2016 Round-up from Conveyancing Association Chairman

Eddie Goldsmith, Chairman of the CA shares his thoughts on the last 12 months, and what we are to expect for the year ahead

How, when the year has yet to end, do you even begin to sum up 2016? Tumultuous? Topsy-turvy? Uncertain? Unstable? Depressing? Quite simply, it has been the year of the unknowable. Incredibly difficult to predict and quite liable to go in completely the opposite direction to where you imagined it was heading. And looking ahead at what 2017 might have lined up to us, it’s quite easy to think that the unpredictability will continue for some time to come. 

We are constantly told that “the markets hate uncertainty” and perhaps 2016 has given us ample evidence to prove that particular point. This was a year when just when you thought a degree of stability had been delivered, events determined otherwise. I can think of no other year since the Credit Crunch and subsequent recession which has produced the same levels of panic and fear which appear to have shaped not just our industry in the last 12 months, but the entire UK economy. 

Housing, in particular, has been a roller-coaster – from the highs of the pre-stamp duty change activity boost, to the lows of the post-EU referendum months, no one month has been the same and the market continues to suffer from the huge underlying problems that exist, namely supply, and the constant regulatory and political intervention which changes the nature of the roller-coaster ride (seemingly) every couple of weeks. 

From a conveyancing perspective, how do we deal with the shifting nature of the housing market, where at one end of the scale we are expected to complete deals in just a few short weeks (even days) in order to meet deadlines, while the process remains broken in a number of key areas, and where it can be far too easy to put the blame on the solicitor for any delay? Communication breakdown is still far too evident, plus we have major challenges to overcome in tackling key issues like cyberfraud, leasehold costs/delays, lender interaction, to name but a few. 

It was within such an environment that we, at the CA, decided to take the bull by the horns and have recently published our White Paper on improving the home buying process in order to set out a number of potential ‘quick wins’ as well as a more, dare I say it, utopian vision of what the process could (and perhaps should) look like in the future. We have been pleasantly surprised by the level of engagement with a huge array of stakeholders on this very subject, in recognition I think that the industry has to be in the driving seat when it comes to the change required. After all, it is our firms who are at the coal-face, but we also accept that only by working with others active within the process can we reach a far better position.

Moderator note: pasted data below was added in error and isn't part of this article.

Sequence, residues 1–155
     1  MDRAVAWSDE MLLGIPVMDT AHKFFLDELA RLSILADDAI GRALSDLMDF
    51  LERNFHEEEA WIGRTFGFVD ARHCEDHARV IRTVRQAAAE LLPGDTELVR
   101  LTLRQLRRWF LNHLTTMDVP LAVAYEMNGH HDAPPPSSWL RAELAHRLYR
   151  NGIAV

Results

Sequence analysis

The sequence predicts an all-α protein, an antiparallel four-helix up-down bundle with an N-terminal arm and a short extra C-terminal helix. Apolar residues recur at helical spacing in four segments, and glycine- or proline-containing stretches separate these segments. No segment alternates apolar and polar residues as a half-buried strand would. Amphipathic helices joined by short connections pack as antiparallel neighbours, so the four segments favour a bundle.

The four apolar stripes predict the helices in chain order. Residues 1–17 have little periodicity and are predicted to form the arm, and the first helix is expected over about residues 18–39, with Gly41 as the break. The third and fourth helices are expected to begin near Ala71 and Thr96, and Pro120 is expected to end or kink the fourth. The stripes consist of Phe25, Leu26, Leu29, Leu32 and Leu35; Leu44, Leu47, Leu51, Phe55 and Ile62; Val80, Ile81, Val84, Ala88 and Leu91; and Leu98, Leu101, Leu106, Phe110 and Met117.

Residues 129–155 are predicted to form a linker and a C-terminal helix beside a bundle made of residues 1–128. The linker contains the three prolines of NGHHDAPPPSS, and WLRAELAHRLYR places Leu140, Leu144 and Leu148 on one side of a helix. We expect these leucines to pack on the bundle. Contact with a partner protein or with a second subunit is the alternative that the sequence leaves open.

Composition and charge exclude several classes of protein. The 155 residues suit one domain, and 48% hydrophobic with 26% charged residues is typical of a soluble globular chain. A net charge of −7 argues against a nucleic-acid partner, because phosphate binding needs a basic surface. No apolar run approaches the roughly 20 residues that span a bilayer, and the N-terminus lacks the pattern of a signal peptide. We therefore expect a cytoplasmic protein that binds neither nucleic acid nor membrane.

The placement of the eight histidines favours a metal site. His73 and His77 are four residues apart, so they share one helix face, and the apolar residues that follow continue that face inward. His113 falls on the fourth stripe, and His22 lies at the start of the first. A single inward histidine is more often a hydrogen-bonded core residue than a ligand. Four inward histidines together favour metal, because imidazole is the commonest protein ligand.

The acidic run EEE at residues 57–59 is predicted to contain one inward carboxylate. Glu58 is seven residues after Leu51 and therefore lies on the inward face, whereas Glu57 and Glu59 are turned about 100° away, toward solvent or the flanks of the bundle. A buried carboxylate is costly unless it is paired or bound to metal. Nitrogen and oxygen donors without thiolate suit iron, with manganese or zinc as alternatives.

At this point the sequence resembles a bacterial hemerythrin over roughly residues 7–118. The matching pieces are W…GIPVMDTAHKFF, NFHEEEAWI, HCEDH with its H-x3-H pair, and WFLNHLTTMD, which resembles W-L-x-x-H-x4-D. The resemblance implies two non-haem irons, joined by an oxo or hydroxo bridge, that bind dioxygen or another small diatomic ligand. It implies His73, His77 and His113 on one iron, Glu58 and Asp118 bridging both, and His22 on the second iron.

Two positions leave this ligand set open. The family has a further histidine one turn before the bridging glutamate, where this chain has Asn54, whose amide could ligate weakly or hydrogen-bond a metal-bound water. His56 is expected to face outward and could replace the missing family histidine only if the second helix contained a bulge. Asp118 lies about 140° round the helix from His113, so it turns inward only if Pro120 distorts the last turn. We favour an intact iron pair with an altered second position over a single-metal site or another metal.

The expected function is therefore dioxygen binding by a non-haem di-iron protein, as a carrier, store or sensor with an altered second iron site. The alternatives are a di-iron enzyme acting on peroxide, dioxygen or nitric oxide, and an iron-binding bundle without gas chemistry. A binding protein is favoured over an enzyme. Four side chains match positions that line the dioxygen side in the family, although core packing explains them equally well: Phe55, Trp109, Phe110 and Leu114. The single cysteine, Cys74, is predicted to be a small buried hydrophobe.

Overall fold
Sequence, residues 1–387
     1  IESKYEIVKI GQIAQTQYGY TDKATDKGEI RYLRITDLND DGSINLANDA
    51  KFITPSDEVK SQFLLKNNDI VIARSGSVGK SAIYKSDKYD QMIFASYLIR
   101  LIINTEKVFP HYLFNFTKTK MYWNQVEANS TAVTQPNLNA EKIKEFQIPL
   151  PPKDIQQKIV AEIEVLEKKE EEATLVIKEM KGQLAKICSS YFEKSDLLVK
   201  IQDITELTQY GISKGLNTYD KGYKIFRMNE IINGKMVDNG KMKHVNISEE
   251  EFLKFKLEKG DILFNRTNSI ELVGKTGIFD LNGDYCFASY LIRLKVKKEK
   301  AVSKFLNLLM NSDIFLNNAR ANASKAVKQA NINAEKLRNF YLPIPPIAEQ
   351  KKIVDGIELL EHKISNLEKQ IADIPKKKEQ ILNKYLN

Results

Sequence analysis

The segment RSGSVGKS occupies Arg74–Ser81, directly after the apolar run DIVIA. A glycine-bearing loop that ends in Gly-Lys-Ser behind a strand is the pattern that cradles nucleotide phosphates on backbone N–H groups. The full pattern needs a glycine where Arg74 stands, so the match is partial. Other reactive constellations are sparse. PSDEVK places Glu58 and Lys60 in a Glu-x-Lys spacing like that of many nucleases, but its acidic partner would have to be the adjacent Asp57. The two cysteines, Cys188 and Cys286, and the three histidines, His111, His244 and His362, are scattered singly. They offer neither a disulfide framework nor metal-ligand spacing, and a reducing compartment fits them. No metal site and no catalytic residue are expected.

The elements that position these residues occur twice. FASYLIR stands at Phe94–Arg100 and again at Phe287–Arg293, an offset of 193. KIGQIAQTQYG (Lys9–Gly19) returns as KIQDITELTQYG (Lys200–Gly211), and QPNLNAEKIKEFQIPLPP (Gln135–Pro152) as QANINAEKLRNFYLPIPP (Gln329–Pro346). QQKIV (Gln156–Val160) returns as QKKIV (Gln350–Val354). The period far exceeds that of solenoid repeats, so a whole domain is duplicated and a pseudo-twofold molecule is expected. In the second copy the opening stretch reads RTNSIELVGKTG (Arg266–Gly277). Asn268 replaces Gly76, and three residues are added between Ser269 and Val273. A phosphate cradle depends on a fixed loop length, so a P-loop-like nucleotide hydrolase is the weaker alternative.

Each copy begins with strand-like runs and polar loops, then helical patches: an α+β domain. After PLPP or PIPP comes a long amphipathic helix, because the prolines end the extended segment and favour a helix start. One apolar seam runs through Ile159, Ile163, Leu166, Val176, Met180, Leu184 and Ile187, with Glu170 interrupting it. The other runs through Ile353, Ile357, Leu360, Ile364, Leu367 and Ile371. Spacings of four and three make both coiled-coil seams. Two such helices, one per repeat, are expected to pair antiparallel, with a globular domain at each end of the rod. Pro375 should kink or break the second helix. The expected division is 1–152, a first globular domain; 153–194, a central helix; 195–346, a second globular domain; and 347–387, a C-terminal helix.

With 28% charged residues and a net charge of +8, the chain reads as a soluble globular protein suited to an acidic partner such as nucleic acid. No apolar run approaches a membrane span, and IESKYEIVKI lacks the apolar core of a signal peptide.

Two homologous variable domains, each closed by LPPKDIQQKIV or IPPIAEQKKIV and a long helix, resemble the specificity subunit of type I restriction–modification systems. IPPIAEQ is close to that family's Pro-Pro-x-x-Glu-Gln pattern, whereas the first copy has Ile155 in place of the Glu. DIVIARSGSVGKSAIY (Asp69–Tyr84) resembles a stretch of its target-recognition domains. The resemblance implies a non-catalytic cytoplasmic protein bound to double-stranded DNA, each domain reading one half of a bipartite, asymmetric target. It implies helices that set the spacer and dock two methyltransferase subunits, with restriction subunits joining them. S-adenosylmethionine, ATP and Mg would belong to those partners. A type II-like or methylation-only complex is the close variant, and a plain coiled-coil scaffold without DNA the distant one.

In our White Paper we set out a number of potential changes which we believe could provide far greater benefits, particularly for consumers, when it comes to their own home buying experience. When talking about potential predictions for 2017, it would be nice to think that we can, by working together, begin to deliver on some of these – especially those which can cut down on the delays and cost within the process. I’m thinking particularly of leasehold transactions but also cutting down on post-valuation enquiries, and (again dare I say it) a move to deliver more of the required information up-front in the process.

Apart from that, I would find it very hard to go out on a limb in terms of what might be coming over the horizon for our market, especially when you consider the timings (and future hold-ups) for Brexit, the negotiations, etc, and how these monumental changes will impact on our own work but also the housing and mortgage markets, and the UK economy.

People might be happy to make predictions but given the fact these are unprecedented times, I think it’s more important that we focus on those areas which we can change and control, and hopefully have the right plans and strategies in place to react positively when those changes eventually hit home. It’s a difficult ask I appreciate but these are the times we are living in – what I can say is that it’s unlikely to be plain sailing and remaining positive and strong will be key to getting us through these choppy waters.

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